VENICE (Reuters) - Blame it on the Hollywood writers’ strike, the weak economy, or just plain bad luck.
Whatever the reason, the 2008 Venice film festival has been described as one of the weakest in recent years, and, as it reaches the halfway stage on Monday, needs more hits to light up the main competition.
“What the festival has shown is that 2008 is simply a bad year for film,” said Jay Weissberg of trade publication Variety.
“The overall impression here is one of disappointment and everybody is desperate for a really good film in competition.”
The annual event on the picturesque Lido waterfront attracts the world’s biggest movie stars and most accomplished film makers, and has earned a reputation for kicking off the awards season that culminates in the Oscars.
This year the stars have been thin on the ground and there has been little buzz about lead performances. More importantly, critics say, the movies on show have been generally poor.
Of the 21 films in the main competition that vie for the coveted Golden Lion at a prize ceremony on Saturday, two Japanese entries are in the running for the top award that has gone to an Asian director for the last three years.
Animation master Hayao Miyazaki’s adaptation of the “The Little Mermaid” is the favorite so far, showing the 67-year-old has lost none of his energy and imagination.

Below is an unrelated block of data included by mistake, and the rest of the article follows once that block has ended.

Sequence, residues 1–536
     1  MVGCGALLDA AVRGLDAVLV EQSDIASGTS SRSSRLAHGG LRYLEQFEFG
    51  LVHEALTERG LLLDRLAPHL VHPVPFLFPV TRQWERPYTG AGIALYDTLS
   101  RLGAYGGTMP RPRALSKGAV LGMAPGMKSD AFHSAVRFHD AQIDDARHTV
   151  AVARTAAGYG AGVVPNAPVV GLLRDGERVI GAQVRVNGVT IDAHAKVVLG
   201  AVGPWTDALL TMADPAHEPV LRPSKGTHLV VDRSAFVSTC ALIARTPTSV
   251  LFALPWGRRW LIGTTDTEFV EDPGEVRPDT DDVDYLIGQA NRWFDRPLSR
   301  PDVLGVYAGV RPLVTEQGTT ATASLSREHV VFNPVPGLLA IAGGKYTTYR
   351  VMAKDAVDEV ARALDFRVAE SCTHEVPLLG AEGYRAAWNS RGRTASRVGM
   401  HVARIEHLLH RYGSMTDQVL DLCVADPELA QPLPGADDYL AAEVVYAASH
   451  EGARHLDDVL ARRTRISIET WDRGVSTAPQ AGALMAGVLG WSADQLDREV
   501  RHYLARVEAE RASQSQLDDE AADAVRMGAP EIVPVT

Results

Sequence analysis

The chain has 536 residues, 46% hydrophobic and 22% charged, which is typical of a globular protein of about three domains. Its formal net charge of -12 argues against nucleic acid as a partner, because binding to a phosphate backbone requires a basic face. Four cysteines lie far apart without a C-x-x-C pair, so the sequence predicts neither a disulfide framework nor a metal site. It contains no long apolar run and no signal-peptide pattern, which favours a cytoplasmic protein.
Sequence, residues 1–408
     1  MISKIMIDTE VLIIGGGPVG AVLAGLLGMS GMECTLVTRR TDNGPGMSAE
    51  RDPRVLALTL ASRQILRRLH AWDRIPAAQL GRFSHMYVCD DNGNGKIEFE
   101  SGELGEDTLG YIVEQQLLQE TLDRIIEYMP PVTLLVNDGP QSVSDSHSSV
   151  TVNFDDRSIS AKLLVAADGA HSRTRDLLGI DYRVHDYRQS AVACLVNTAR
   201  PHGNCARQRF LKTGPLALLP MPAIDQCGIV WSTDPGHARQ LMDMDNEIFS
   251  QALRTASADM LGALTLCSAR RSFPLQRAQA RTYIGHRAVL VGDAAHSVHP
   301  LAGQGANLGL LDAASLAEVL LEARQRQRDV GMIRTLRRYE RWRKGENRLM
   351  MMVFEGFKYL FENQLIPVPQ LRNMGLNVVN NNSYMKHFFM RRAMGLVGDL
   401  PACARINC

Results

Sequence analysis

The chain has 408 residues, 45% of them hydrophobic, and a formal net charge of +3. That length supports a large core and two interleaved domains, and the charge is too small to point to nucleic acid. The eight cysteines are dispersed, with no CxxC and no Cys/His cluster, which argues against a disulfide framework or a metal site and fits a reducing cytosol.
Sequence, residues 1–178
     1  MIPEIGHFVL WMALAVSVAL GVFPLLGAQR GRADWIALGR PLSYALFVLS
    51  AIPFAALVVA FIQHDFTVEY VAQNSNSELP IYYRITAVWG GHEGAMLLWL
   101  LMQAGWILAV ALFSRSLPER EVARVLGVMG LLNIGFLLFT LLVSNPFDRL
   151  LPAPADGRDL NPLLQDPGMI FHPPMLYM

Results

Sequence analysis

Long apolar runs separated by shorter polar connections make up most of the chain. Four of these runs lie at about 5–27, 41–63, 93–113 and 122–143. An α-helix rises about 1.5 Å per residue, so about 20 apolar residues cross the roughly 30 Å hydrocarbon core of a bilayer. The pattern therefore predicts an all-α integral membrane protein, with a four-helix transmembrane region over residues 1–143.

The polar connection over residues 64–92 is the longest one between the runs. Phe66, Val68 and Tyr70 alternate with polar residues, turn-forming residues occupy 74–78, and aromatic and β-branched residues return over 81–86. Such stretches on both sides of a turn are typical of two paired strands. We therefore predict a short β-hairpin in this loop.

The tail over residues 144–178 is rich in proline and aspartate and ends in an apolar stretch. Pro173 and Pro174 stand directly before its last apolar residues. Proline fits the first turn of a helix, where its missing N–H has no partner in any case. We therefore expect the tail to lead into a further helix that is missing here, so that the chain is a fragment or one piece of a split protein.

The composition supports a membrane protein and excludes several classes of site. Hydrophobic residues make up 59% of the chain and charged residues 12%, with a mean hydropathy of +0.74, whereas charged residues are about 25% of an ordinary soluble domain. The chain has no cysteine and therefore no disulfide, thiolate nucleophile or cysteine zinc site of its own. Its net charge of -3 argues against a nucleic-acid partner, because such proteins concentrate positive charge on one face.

“Miyazaki’s ‘Ponyo on the Cliff by the Sea’ is a refreshing thirst-quencher in a thus far dry lineup,” said Deborah Young of the Hollywood Reporter.
Also popular was cult director Takeshi Kitano’s “Achilles and the Tortoise,” while Italian entry “BirdWatchers” -- about a confrontation between natives and wealthy white farmers in Brazil -- was warmly applauded at a press screening on Monday.
It is one of four movies from Italy in the main competition.
“The Burning Plain,” the directorial debut by Mexico’s acclaimed screenwriter Guillermo Arriaga, divided critics, but Charlize Theron and Kim Basinger won plaudits in lead roles.
Festival director Marco Mueller has been under scrutiny this year for what some journalists call a Hollywood-light lineup.
He did ensure A-listers George Clooney and Brad Pitt were on the red carpet for the opening film, the out-of-competition “Burn After Reading” by the Coen brothers, but since then the star power has dimmed.
Some critics said that to focus on stars was to miss the point of the world’s oldest film festival.
“Film festivals are about cultural diversity and curiosity, about seeing new things and discovering new trends, so I think the criticism of the selection is a bit unfair,” said Manuela Grassi, who covers the festival for weekly magazine Panorama.
Nonetheless, Mueller faces growing competition from the Toronto film festival, which starts a few days after Venice and is seen by major studios as a cheaper alternative to the canal city for promoting films and generating awards buzz.
Actresses have so far stood out more than actors, notably Nina Hoss in German drama “Jerichow” and Dominique Blanc in French entry “L‘autre” (“The Other One”).
Three more U.S. films have yet to screen, including “Rachel Getting Married” by Oscar-winner Jonathan Demme and starring Anne Hathaway and Debra Winger.
Kathryn Bigelow directs Iraqi drama “The Hurt Locker,” a year after Brian De Palma’s “Redacted” stunned audiences in Venice with its brutal reconstruction of events from the war, and Mickey Rourke stars in Darren Aronofsky’s “The Wrestler.”
Editing by Matthew Jones